Dewatering is very important for excess sludge treatment and disposal. Hydrothermal treatment coupled with mechanical expression is a novel technology, in which a conventional pressure dewatering is combined with hydrothermal effect to realize an improved liquid/solids separation with low energy consumption. In this study, the process was performed by way of that the excess sludge was hydrothermally treated first and then the mechanical expression was employed immediately at increased temperature in two separate cells respectively. The results demonstrated that the mechanical expression employed at increased temperature showed a significant advantage than that at room temperature, given a further reduction of 19-47% of the moisture content. The dewatering process at room temperature was mostly depended on the effect of mechanical expression. Hydrothermal process, more importantly than mechanical effect at increased temperatures, seemed to govern the extent to which the dewatering process occurred. The dewatering began to show a positive effect when the temperature was exceeded the threshold temperature (between 120 and 150 °C). The residence time of 30 min promoted a substantial conversion in the sludge surface properties. After dewatering at temperatures of 180-210 °C, the moisture content decreased from 52 to 20% and the corresponding total water removal as filtrate was between 81 and 93%. It was observed that the moisture content of filter cake correlated with surface charge (Rp = -0.93, p < 0.05) and relative hydrophobicity (Rp = -0.99, p < 0.05). The calculated energy balance suggested that no additional external energy input is needed to support the dewatering process for excess sludge. The dewatering process needs an obviously lower energy input compared to thermal drying and electro-dewatering to produce a higher solids content cake.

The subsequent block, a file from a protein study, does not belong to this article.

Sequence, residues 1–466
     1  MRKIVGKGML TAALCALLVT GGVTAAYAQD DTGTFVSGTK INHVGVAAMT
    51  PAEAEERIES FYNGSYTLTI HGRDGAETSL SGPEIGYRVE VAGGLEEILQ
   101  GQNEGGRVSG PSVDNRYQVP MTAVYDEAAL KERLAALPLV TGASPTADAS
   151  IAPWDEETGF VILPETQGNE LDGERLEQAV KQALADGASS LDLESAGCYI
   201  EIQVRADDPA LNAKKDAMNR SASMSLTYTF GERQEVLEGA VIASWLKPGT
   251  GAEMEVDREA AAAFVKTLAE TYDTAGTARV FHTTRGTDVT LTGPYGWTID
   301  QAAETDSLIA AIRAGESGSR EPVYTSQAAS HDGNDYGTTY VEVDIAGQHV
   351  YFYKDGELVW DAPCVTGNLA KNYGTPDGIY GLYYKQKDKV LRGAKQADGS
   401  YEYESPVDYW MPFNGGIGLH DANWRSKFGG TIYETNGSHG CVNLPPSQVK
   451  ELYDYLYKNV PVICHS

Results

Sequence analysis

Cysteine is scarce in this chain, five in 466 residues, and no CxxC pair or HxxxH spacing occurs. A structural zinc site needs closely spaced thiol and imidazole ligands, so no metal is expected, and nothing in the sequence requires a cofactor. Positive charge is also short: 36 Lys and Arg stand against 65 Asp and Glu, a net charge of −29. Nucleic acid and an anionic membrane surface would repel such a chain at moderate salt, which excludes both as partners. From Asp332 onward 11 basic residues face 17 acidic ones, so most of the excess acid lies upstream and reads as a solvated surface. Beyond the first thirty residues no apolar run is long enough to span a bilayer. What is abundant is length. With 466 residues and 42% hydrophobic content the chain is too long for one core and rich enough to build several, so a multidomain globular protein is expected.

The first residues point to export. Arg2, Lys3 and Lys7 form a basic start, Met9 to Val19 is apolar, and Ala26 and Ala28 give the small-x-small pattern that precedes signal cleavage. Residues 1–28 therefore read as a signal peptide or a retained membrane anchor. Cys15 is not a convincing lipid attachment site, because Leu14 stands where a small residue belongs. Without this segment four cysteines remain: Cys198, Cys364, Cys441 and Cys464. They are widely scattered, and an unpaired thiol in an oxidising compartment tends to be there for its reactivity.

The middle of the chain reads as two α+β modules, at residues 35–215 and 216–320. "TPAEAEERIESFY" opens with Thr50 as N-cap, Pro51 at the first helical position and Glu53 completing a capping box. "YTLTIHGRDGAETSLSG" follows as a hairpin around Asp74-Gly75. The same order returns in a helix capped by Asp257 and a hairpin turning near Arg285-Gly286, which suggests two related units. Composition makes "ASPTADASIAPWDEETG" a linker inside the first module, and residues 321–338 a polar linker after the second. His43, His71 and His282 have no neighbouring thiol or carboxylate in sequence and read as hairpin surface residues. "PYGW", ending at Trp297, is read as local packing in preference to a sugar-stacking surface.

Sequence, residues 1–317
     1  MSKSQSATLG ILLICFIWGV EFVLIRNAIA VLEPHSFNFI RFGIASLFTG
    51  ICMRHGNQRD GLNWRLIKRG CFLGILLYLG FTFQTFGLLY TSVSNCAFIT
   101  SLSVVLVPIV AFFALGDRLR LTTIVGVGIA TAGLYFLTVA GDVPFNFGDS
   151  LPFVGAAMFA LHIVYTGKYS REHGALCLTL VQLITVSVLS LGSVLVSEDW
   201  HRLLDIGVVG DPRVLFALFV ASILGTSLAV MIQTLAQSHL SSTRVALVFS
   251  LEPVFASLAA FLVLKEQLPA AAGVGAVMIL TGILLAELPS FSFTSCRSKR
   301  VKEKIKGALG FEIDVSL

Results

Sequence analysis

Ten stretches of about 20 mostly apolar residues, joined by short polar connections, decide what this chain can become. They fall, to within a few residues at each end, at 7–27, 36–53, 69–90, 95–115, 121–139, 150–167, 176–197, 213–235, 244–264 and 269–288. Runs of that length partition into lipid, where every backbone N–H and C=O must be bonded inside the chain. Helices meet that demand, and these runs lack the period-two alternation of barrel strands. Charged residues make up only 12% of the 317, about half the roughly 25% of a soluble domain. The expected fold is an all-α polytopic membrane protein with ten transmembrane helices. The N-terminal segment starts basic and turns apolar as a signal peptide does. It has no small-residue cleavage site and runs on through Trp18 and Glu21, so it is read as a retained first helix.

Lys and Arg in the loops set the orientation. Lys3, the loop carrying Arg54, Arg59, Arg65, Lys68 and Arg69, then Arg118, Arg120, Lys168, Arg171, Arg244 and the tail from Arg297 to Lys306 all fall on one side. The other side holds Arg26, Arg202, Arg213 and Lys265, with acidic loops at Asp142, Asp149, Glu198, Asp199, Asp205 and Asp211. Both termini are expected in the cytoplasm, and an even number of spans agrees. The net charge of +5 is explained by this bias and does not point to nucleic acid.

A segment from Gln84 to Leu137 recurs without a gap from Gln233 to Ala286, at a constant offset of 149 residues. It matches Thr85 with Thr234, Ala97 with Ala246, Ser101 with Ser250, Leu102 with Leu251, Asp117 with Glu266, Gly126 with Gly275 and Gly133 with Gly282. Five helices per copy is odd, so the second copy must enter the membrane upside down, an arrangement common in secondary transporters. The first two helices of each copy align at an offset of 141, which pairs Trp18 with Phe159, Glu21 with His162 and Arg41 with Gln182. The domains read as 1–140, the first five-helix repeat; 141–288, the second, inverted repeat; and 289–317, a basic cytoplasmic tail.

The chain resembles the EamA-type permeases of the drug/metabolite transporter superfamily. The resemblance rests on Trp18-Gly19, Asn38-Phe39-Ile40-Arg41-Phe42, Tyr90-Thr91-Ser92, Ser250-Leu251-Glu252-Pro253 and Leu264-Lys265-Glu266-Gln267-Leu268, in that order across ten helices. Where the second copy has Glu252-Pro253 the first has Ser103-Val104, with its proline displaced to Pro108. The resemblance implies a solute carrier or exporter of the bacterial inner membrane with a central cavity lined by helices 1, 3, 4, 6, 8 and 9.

4. Hydrothermal carbonization of tobacco stalk for fuel application.

    PubMed

    Cai, Jiaxiao; Li, Bin; Chen, Chaoying; Wang, Jing; Zhao, Min; Zhang, Ke

    2016-11-01

    Tobacco stalks are an abundant biomass resource which are otherwise treated as waste. In this work, the effect of hydrothermal carbonization temperature and time on the structures, chemical compositions and combustion characteristics of hydrochars obtained from tobacco stalks were evaluated. The carbon content, higher heating value, and energy yield increased with accompanying decrease in hydrogen and oxygen contents with the increase of treatment temperature and time. The evolution of the H/C and O/C atomic ratios indicated dehydration and devolatilization processes occurred during hydrothermal carbonization. The weight loss, combustion range and characteristic temperatures of tobacco stalks were significantly modified after hydrothermal carbonization, resulting in higher ignition temperatures and higher energy density. The kinetics model, Coats-Redfern method revealed the activation energy of hydrochars in zone 2 and 3 were among 43.7-74.8kJ/mol and 46.7-85.8kJ/mol, respectively. Our results show that hydrothermal carbonization reaction can facilitate transforming tobacco stalks into energy-rich solid fuel. PMID:27589825

  5. Upgrading copper concentrate by hydrothermally converting chalcopyrite to digenite

    NASA Astrophysics Data System (ADS)

    Bartlett, Robert W.

    1992-06-01